Skinner v. Wynne, 55 N.C. 41, 2 Jones Eq. 41 (1854)

Dec. 1854 · Supreme Court of North Carolina
55 N.C. 41, 2 Jones Eq. 41


Where the two daughters of an intestate die in the life-time of their father, the one leaving two children aEd the other one, distribution must be made of Mb estate among these grand children per capita.

Grand children talcing, in their own right, are not chargeable with advancements made to their deceased parents.

Appeal from tbe Court of Equity of Tyrrel County.

Joseph Iialsey died in tbe year , leaving two grand children, Joseph Halsey Skinner and Sarah Halsey Skinner, infant children of bis deceased daughter Anne, and another grand child, Joseph Halsey Wynne, infant child of bis deceased daughter Sarah.

Both tbe daughters of Mr. Halsey, died in tbe life time of their father, leaving husbands surviving them, but be bad no other children, nor any descendants of such besides tbe three grand children mentioned above.

*42Mr. Halsey, during the life of liis daughter, Mrs. Sldnner, put into her husbands possession several slaves without any written conveyance, which the husband sold and made use of the money, without rendering an account therefor.

He also, without writing, put into the possession of Mr. and Mrs. "Wynne, one negro slave which he sold and made use of the money, without accounting for the same.

Hie bill is filed by the two children of Mrs. Skinner against the administrator of their grand father, and against the other grand child of J. H. Wynne, praying an account and distribution of the estate. The bill alleges that there were no debts but those which have been paid off, and there is no reason for the administrator’s keeping the property in his hands any longer. It prays that distribution be made jw capita.

The answer of the administrator admits the facts above set forth, but says that two years have not yet elapsed since he administered, and that he ought not to be decreed to account before the end of that period. As to the mode of distribution, and the other questions arising out of the estate, he submits them to the Court.

The defendant, Joseph IT. Wynne, answers by his guardian, Mr. Simmons, and commends his interests and rights to the protection of the Court. The cause was set for hearing on the bill and answers, and his Honor decreed that distribution be mad & per capita, and that an account be taken by the master. From which decree the defendant, J. H. Wynne, appealed to the Supreme Court.

Upon the argument in this Court, two points were made for the defendant, Wynne: first, that in right of his mother, he was entitled to one half of the personal estate of his grandfather.

2nd. That the advancements to their fathers, should be accounted for in the distribution, and a proportionate deduction made.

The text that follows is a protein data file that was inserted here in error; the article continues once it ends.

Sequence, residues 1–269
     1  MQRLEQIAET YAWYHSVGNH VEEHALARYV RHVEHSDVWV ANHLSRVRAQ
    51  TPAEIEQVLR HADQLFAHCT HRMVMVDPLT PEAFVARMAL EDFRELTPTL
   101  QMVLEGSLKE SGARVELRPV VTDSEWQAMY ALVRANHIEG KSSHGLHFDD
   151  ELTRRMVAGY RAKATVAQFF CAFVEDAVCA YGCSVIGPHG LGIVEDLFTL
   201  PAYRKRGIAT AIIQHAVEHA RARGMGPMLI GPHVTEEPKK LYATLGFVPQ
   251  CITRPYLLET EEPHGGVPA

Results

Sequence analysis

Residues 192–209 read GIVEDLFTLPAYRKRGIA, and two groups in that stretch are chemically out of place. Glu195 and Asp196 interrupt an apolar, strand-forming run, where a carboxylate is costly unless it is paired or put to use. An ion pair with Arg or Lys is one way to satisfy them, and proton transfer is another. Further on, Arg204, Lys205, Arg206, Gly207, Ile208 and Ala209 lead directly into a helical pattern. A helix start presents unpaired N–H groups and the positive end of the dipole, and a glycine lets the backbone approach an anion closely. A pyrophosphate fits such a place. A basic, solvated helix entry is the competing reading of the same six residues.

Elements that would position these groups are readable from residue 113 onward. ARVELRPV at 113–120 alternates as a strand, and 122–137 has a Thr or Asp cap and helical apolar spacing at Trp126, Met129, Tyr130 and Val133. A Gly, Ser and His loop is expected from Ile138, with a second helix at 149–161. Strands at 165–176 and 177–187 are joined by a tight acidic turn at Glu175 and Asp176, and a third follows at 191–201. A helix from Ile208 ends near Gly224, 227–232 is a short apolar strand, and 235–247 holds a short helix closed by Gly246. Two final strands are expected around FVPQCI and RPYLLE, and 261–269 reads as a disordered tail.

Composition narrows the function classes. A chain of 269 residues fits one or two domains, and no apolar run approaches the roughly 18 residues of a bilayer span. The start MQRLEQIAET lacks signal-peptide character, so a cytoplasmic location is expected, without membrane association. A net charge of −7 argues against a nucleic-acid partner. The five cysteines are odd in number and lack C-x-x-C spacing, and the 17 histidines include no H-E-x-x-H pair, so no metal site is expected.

GilUam for plaintiff.

Heath,, for defendant.

Nash, C. J.

Joseph Halsey died in the year-, intestate, *43and administration on bis estate was granted to H. Gf. Spruill, one of tbe defendants. The intestate left three grand children, Joseph Halsey Slrinner and Sarah Skinner, whose mother, a daughter of the intestate, died before him, and Joseph Halsey Wynne, whose mother also died before the intestate. The two first grand children are plaintiffs, and the third is a defendant. The bill is filed to settle the estate of Joseph Halsey, and prays an account and partition of certain slaves.

Two years had not elapsed from the qualification of the defendant, Spruill, as administrator of Joseph Halsey, to the filing of the bill. It was conceded that the estate was settled, so far as the debts were concerned. Two years are allowed executors and administrators to settle the estate of the deceased, upon the supposition that many estates cannot be settled in less time, but this is intended as an indulgence to them.— Turnage v. Turnage, 7 Ir. Eq. 127, and when there are no debts to pay, it is the duty of the representative to pay the legacies or distribute the estate without waiting for the expiration of the two years. The principal question is as to the right of the grand children of the intestate, in the division of the property to which they succeed. Do they take per capita or per stirpes? The exactcaseisputbyJusticeBlackstoneinthe2nd vol. of his commentaries, page 517. “ If the next of kin of the intestate be three brothers, A, B, and C, his effects are divided into three equal portions, and distributed per capita, on® to each, but if one of these brothers A, had been dead, leaving three children and another, B, leaving two, then the distribution must have been per stirpes, namely, one third to A’s three children; another third to B’s two children, and the remaining third to C, the surviving brother. Yet, if C had been also dead without issue, then A’s and B’s children being all in equal degree to the intestate, would take in their own rights per capita, to wit: each of them one fifth part.” The negroes in controversy are to be divided into three parts, and each of the infant grand children£ is entitled to one part, taking per capita. Takingy>er capita, in their own right, they do not account for the advancements made to their respective parents. There must be a reference to the master to take an account of *44the estate of Joseph Halsey, in the hands of his administrator, and also to divide the slaves named in the bill between the three grand children of Joseph Halsey, and the case is retained for further directions.

PeR CueiaM. Decree accordingly.